In a victory for pro-life advocates who provide abortion alternatives for women outside abortion clinics in New Hampshire, a federal judge on Wednesday put a temporary halt to the state law that establishes a buffer zone preventing free speech.
Alliance Defending Freedom attorneys and allied attorneys filed a lawsuit in federal court Monday against a New Hampshire law that allows the creation of 25-foot zones in which no person may speak, stand, or even enter on public ways and sidewalks outside of abortion facilities. In June, the U.S. Supreme Court unanimously struck down a similar law in McCullen v. Coakley, a case ADF attorneys and allied attorneys filed in 2008.
With the high court’s ruling in place, the judge struck down the Granite State ordinance a day before it was slated to go into effect.
In a seven-page order issued late Wednesday, District Court Judge Joseph Laplante told the communities of Concord and Derry they could not enforce the provisions of the buffer zone law against clinics within their boundaries.
Laplante noted that other communities, including Manchester and Keene, as well as county prosecutors and Attorney General Joseph Foster have agreed to not enforce the law until the judge holds a hearing in his courtroom on July 25.
Michael Tierney, a lawyer for some of the marchers outside the clinic – whom Tierney refers to as “sidewalk counselors” — said he sought a restraining order after state officials and Planned Parenthood spokesmen said they were studying the newly passed state law in light of the June 26 decision by the U.S. Supreme Court, which struck down a similar buffer-zone law in Massachusetts.
Officials in Burlington, Vt., Portland, Maine, and Madison, Wisc., stopped enforcing buffer zones after the ruling, Tierney said.
“I was perhaps naively thinking New Hampshire would follow suit,” he said.
The law explicitly exempts abortion facility escorts, allowing such individuals to engage in speech and expressive activities favorable to abortion – encouraging and compelling women to enter the abortion facilities and continue with the abortions – while prohibiting pro-life advocates from engaging in any expressive activity within the zones. The lawsuit asks the court to put a halt to the law while the case moves forward.
“Americans have the freedom to talk to whomever they please on public sidewalks,” said ADF Senior Legal Counsel Matt Bowman. “That includes peaceful pro-life advocates who just want to offer information and help to women who would like it. The Supreme Court recently affirmed this vital freedom, which has been an essential part of American life since the nation’s founding. New Hampshire’s law suffers from the same unconstitutional problems as the one the Supreme Court struck down.”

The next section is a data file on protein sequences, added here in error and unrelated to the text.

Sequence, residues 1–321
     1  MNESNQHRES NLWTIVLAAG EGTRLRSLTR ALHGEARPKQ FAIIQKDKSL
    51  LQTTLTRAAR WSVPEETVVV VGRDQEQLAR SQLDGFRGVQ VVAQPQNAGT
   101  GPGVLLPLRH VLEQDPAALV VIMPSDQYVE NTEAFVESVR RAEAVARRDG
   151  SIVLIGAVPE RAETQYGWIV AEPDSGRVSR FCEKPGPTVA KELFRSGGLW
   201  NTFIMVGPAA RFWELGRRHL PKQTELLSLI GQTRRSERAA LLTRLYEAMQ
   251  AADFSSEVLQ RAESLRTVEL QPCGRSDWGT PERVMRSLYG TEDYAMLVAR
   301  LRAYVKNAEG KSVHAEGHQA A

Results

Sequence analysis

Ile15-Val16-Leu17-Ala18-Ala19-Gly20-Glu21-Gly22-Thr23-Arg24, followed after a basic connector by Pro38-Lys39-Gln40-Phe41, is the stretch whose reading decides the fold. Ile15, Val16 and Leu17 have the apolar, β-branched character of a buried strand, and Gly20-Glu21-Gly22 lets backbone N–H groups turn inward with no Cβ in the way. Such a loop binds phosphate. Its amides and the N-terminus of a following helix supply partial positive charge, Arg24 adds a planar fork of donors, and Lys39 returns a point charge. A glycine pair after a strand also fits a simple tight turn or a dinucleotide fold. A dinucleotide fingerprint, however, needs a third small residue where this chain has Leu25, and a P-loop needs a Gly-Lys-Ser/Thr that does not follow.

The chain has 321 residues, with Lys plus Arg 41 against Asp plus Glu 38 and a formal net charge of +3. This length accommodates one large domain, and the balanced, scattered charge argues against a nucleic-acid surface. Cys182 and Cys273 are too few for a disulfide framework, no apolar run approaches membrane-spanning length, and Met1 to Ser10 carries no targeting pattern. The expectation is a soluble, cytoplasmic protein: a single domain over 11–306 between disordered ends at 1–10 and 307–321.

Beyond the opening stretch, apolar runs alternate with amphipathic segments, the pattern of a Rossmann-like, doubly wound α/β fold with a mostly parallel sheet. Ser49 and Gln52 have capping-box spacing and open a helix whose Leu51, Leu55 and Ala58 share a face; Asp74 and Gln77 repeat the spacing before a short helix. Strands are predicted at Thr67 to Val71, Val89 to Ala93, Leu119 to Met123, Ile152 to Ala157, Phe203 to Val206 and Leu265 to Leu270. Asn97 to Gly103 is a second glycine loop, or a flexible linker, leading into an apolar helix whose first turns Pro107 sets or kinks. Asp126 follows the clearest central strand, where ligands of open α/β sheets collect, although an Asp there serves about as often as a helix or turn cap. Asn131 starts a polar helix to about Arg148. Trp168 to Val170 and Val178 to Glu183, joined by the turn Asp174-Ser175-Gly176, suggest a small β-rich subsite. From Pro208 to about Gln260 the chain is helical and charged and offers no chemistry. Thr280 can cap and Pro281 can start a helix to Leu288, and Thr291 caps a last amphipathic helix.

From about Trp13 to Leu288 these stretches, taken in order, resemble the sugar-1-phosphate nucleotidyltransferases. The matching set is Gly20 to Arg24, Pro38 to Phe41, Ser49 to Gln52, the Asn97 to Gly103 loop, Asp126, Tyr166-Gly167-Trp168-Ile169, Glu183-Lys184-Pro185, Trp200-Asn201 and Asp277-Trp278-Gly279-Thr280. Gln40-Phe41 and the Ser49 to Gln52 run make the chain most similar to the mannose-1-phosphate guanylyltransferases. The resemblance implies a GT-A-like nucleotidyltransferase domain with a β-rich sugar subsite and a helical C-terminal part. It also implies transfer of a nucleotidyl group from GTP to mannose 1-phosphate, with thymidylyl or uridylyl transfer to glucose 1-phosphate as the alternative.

On June 10, New Hampshire Gov. Maggie Hassan signed into law S.B. 319-FN, which created the anti-speech zones. Violators face a minimum fine of $100 and possibly further action from the attorney general or appropriate county attorney. The law is scheduled to go into effect Thursday.
On behalf of several pro-life advocates, ADF filed the lawsuit, Reddy v. Foster, in the U.S. District Court for the District of New Hampshire together with allied attorneys Michael J. Tierney, Michael DePrimo, and Mark Rienzi, professor of constitutional law at Catholic University of America’s Columbus School of Law.
As the ADF lawsuit explains with regard to New Hampshire’s law, “The First Amendment contemplates no possible justification for such a measure. The freedom of speech is at its apex on public streets and sidewalks when citizens wish to persuade other citizens by means of leafleting, personal education, and peaceful protest. The U.S. Supreme Court just struck down a similar law from Massachusetts in McCullen v. Coakley…. McCullen directly controls this case and eliminates any plausible legal justification for the law challenged here.”
“New Hampshire has created an expansive anti-speech zone that cannot survive constitutional scrutiny,” explained Tierney, with the Manchester firm of Wadleigh, Starr & Peters, PLLC, and one of more than 2,400 attorneys allied with ADF. “There is no constitutional ground for creating speech-restricted zones on public ways and sidewalks.”